Postal workers give out literature at Cape Girardeau picket

Tuesday, December 20, 2011
Gary Dougherty, left, and Donna Stamp, members of American Postal Workers Union Local 4088, join with a dozen members for an informational picket outside the Cape Girardeau post office Monday, Dec. 19, 2011 in Cape Girardeau. They answered questions about several local postal facilities that are slated for closure. (Fred Lynch)

Postal workers at the Richard G. Wilson Processing and Distribution Facility in Cape Girardeau want customers to know closing the center will cause mail delays.

About a dozen members of the American Postal Workers Union's Cape Area Local 4088 held an informational picket Monday morning in front of the Cape Girardeau post office on Frederick Street during the busy lead-up to Christmas. They distributed literature packets titled "Keep the Mail Here" and talking to people about what this closure could mean to them.

"We want people to have a clear view of all the problems the Postal Service is facing. This is not the right answer to the problem," said Greg Davidson, president of Local 4088.

He said customers expressed their support for workers throughout the picket.

"They all think this is a really bad idea," he said.

Cape Girardeau's mail processing center, with about 100 employees, is one of 252 processing centers the U.S. Postal Service is studying for possible closure. The Postal Service hopes to save $3 billion by 2015 by closing those processing centers.

In response to a request made by U.S. senators, the service agreed to delay its decision on closing or consolidating any post offices or mail processing facilities until May 15.

Closing the Cape Girardeau center would save the post office more than $3.8 million annually, according to feasibility study information released by the Postal Service. By moving processing operations to St. Louis, the Postal Service will incur additional annual transportation costs of $851,808, according to its study. By consolidating mail processing operations in St. Louis, it would also eliminate 68 employee positions and three management positions in Cape Girardeau, the study says.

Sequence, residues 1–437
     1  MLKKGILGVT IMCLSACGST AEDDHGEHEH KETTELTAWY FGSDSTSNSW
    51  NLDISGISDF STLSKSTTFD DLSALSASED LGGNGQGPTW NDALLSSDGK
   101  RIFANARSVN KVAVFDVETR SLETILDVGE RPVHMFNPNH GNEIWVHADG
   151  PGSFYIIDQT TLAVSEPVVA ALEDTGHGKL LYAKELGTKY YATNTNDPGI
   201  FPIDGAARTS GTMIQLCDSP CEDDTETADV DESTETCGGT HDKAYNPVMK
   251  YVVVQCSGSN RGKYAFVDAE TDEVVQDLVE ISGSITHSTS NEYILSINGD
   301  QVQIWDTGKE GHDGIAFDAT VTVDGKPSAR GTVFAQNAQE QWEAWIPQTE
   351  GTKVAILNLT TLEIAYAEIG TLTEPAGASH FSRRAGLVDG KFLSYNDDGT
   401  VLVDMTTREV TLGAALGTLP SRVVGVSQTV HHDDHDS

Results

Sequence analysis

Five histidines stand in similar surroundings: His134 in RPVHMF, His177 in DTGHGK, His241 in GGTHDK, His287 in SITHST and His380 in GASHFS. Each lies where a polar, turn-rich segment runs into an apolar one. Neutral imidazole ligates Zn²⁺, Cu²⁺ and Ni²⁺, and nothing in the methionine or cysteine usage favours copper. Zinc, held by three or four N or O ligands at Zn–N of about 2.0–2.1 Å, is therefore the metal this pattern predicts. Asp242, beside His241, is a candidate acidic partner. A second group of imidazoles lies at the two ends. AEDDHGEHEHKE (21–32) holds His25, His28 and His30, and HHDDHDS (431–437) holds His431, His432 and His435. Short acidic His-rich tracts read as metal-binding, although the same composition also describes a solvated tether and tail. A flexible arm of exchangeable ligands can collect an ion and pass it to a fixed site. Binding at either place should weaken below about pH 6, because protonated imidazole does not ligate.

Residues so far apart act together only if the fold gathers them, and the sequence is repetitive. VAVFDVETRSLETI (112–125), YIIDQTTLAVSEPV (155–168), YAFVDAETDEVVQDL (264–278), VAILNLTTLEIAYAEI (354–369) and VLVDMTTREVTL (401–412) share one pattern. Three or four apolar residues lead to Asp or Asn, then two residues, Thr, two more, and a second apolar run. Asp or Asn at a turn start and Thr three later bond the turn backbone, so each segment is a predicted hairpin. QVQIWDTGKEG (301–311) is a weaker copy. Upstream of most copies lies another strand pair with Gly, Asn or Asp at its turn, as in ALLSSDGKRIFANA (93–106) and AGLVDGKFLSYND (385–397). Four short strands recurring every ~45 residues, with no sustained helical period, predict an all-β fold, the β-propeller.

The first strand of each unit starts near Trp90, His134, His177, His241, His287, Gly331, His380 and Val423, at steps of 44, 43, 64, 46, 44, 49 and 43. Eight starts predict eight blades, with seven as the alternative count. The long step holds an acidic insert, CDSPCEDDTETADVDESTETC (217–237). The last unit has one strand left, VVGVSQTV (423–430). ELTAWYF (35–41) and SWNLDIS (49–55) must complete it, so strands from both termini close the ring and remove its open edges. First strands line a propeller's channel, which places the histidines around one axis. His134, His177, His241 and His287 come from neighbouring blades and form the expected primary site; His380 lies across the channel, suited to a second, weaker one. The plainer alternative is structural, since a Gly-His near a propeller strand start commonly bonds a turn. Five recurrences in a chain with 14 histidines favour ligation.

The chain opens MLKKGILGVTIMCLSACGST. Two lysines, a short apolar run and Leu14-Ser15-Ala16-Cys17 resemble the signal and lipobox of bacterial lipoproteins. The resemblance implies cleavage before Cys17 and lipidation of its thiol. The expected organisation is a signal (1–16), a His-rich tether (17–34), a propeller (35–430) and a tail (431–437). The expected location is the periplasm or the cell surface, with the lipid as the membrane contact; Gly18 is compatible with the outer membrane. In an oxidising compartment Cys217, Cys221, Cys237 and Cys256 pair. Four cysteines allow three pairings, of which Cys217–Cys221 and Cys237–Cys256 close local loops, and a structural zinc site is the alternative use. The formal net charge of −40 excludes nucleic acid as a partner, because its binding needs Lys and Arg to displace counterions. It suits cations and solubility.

Union members have collective bargaining agreements with the Postal Service that include a no-layoff clause, so they must be offered the opportunity to relocate to another facility.

Richard Watkins, U.S. Postal Service spokesman in Kansas City, Mo., said he was made aware of the pickets and said it was within employees' First Amendment rights to do so.

With the deep decline in mail volume and current economic conditions, the Postal Service has an excess of employees and equipment in some mail processing operations, including Cape Girardeau, Watkins said.

A study was announced in September to determine the feasibility of consolidating redundant operations to see if any efficiencies and cost savings would be achieved. Initial study results show consolidating Cape Girardeau's operations with those in St. Louis would increase efficiency and improve productivity, Watkins said.

The Postal Service and union members differ on what effects customers would see as a result of the closure of Cape Girardeau's distribution center.

While first-class mail is supposed to take one to three days to reach its destination, if Southeast Missouri's mail is sent to St. Louis, it will take a minimum of three days to be delivered, according to postal workers.

Before the Postal Service can move forward with its plans, it must first request approval to change its delivery standards from the Postal Regulatory Commission. First-class delivery standards haven't changed since 1971. The Postal Regulatory Commission's opinion is expected in March.

The service is asking the commission to change its delivery standards, now one to three days, to two to three days.

From paychecks to prescription medicine, mail delays will cause problems from many people, said Billy Sturm of Scott City, who has worked at Cape Girardeau's processing center for 14 years.

"A lot of people don't know how much it will impact them," he said.

The Postal Service warns in its study that local collection box pickup times may change if the processing center is closed but says a local postmark will still be available for stamped first-class mail.

Bulk mail customers could lose the local discount they now get if they're mailing within the area if their mail has to be processed in St. Louis, Davidson said. But according to postal officials, commercial mailers who presort mail will continue to receive postage discounts. Mailers who ship to Cape Girardeau-area ZIP codes can expect to see changes if the processing center is closed.

The Postal Service will hold a public meeting to discuss its study and allow community members to ask questions and offer their opinions at 7 p.m. Dec. 29 at the Osage Centre.

Written comments may be sent to Manager, Customer and Industry Contact, Mid-America District, 300 W. Pershing Road, Suite 207, Kansas City, MO, 64108-9631. All comments must be postmarked by Jan. 13.


Pertinent address:

475 Kell Farm Drive, Cape Girardeau, MO

320 North Frederick Street, Cape Girardeau, Mo

Map of pertinent addresses

Respond to this story

Posting a comment requires free registration: